The other major theme was introduced through the Syndicalist’s. Optimism entered time – the future is to be strived for because the status quo is corrupting. Again this led to a return to intuition. This, however, did not settle the issues of the present. But then Henri Bergson introduced the notion of ‘Duree’ or ‘True Time’. This is the not the time of clocks and calendars but Time created by the intuitive sense of the mind. This is a turning away from the Kantian conception of time as an objective predicate of experience. Bergson claimed that time is a matter of perspective because it encapsulates unforeseen possibilities. There is the past, present or future because something is only understood as having been already. We digest time retrospectively through thoughts and perceptions, which in their turn transform the event itself; they set the conditions for a thing having occurred. In this sense planning for the future is impossible and irrelevant. This raises the problem of anachronism. If we can only understand events retrospectively, as having passed in time, and if the effort of this means we transform the event in our understanding of it, then you can never reach or understand an event as it is meant within time. If every attempt to define ourselves is outside of time and imposed upon it, how can we speak of it without changing its nature? It was a pity that this could not have been developed further in the following audience discussion. The centrality of art in this view, the notion of creation as a confluence or puncturing of time would be an important and stimulating debate. This view was introduced in part by speaking about the notion of epiphany as a truth which transcends time yet is perfectly placed within it. This was picked up by thinkers such as Levinas and Heidegger.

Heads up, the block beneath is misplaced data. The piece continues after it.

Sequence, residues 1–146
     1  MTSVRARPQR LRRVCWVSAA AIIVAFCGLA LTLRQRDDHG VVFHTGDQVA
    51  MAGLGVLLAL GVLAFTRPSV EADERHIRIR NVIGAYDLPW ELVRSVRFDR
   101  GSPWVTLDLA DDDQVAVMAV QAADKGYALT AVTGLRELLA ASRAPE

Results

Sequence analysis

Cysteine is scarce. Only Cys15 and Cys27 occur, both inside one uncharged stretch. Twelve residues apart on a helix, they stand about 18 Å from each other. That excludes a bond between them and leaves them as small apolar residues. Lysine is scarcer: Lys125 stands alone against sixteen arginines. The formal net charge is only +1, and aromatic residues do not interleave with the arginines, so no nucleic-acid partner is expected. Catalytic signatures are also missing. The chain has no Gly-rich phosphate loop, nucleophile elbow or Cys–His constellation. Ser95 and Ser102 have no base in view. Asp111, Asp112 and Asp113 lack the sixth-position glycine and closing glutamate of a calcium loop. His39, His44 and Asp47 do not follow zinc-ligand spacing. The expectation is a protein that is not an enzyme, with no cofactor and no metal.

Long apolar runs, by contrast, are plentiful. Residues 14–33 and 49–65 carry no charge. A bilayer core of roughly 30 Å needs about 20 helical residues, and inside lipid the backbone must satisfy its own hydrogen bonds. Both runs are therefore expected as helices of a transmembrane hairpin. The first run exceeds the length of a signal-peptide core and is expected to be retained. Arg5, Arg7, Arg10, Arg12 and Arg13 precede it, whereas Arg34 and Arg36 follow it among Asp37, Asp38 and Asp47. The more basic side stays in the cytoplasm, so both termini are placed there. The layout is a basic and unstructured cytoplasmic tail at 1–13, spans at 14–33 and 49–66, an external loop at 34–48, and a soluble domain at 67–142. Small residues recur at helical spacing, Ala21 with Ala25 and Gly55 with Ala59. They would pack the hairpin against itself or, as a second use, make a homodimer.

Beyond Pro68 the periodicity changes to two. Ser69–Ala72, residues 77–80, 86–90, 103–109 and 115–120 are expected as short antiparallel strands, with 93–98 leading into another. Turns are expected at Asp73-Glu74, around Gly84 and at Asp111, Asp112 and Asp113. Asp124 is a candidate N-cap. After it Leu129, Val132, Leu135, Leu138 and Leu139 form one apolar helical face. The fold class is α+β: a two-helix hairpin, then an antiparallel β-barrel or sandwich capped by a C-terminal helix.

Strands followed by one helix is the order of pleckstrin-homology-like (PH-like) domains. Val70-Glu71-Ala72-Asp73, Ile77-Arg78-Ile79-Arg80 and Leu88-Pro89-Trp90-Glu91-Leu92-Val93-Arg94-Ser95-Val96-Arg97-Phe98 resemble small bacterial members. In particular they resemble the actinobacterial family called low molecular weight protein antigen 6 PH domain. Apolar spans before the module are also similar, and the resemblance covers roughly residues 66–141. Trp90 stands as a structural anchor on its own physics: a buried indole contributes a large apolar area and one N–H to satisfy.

Proust’s ‘In search of lost time’ seems to be dealing with this issue head-on. Perhaps this is why there follows such a primacy and privileging of art. A new confidence can enter on the suspicion of the empirical, objective and religious notions of time. The notion of epiphany becomes so persuasive as it provides a truth, which can be universally understood, pass in and out of relevance without corrupting the thing itself and can also simultaneously be perfectly placed within time. But then maybe that’s asking a lot of a ten minute Q&A.

Michael Foley concluded the day with a talk based around his new book, This Extraordinary World. Speaking to a packed crowd Foley extolled the virtues of trying to see things as though you are seeing them for the first time, to try and organically (he was quite against using drugs or Buddhist chanting to attain this) heighten your senses in order to increase your susceptibility to epiphanies. A noble enough sentiment but rather a flimsy one for a forty-minute talk, especially when his grasp of the philosophy behind these ideas seemed somewhat confused.